New Organising Committee to Organise a People’s Pride in Johannesburg on 5 October 2013
Johannesburg, 20 May 2013
A meeting on 18 May of the recently formed organising committee of about 30 individuals decided on a broad programme of action for the annual lesbian, gay, bisexual, transgender, intersex, asexual, and queer (LGBTIAQ) Pride in Johannesburg. Johannesburg Pride 2013 will consist of public art installations, performances, exhibitions, direct action, workshops, and debates over the months leading up to a march on October 5.
The organising committee emerges from two public meetings hosted by the Forum for the Empowerment of Women (FEW) and the One in Nine Campaign during April and May 2013 attended by a broad range of activists and other members of the Johannesburg queer public.
The meetings discussed issues concerning the manner in which Pride has been organised in Johannesburg in the recent past. They identified the ways in which previous Pride events have reinforced racial, class, gender and other social hierarchies, overlooking the problems confronting a vast majority of LGBTIAQ individuals and communities in and around Johannesburg and in South Africa as a whole, and ignoring their daily struggles for adequate housing, safety, education, and access to public services such as transportation and health.
In a society still largely stratified along racial lines, this failure translated into Pride events that catered, often explicitly, to affluent, mostly white individuals. This deliberate de-politicisation of Pride and emphasis on festivities for the affluent is a slap in the face of individuals from economically marginalised communities, particluarly black lesbians and gender non-conforming people, whose lives are characterised by high levels of structural and interpersonal violence. In privileging corporate sponsorships and promoting the market value of such events, Pride ceased to be an inclusive space that was safe and accessible to all members of LGBTIAQ communities.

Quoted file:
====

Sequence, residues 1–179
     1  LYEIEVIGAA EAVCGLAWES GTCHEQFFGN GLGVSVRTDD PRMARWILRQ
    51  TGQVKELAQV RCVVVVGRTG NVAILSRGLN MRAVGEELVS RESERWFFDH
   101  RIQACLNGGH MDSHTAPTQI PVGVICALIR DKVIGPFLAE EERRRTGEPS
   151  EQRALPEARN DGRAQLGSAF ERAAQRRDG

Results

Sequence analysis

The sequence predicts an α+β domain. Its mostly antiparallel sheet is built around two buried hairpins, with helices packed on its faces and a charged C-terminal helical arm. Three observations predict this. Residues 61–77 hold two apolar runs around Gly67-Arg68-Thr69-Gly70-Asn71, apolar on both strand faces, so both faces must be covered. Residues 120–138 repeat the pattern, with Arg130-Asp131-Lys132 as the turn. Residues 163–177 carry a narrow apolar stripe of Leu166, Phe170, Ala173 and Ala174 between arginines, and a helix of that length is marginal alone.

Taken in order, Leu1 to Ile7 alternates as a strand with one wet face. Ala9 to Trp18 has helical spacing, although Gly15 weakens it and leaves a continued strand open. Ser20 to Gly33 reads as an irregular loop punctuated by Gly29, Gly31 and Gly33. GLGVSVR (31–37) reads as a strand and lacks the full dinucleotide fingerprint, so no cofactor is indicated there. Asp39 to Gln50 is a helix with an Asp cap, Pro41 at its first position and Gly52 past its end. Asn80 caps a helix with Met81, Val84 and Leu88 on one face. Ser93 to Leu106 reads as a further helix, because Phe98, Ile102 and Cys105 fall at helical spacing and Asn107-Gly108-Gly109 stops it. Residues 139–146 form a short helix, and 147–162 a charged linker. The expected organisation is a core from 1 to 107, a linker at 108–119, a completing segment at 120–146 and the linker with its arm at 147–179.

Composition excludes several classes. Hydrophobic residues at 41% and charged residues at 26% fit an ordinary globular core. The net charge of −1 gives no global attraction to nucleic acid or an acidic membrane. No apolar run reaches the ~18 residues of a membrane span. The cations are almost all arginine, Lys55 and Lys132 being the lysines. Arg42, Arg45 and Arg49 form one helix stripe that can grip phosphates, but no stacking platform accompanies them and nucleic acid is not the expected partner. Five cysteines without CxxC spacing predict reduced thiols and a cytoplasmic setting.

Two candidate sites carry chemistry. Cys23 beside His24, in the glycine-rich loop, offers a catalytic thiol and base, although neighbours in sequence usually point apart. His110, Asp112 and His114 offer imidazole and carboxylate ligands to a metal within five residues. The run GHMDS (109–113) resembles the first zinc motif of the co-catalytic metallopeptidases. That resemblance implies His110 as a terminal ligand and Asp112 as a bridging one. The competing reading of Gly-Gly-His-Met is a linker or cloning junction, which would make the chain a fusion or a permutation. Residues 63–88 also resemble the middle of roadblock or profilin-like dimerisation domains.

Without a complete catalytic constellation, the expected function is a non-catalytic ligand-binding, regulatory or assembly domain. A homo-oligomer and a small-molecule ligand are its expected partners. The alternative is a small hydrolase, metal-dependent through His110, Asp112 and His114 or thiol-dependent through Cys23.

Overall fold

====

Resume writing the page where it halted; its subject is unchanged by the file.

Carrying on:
The meetings also generated a “Pride manifesto” that lays out the principles and vision for a “People’s Pride,” including anti-racism, anti-capitalism, anti-sexism, anti-ableism and the positioning of LGBTIAQ struggles within broader socio-political and economic contexts and struggles in South Africa, and globally. Pride is envisioned as a widely inclusive and decidedly political movement for social justice.
The organising committee, which is mandated to organise Pride according to the manifesto, is in the process of creating a People’s Pride calendar; the events and actions will serve to:
- Build solidarity with other politically oriented Prides in the greater Johannesburg region and beyond, such as Soweto Pride and Ekurhuleni Pride;
- Educate and conscientise communities about the struggles that shape our experiences of being queer in South Africa;
- Honour the contributions and resilience of queer Africans; and
- Celebrate the hard-won legislative freedoms we have today, recognising that we are not free until we are all substantively free;
- Articulate demands for furthering social justice for all.
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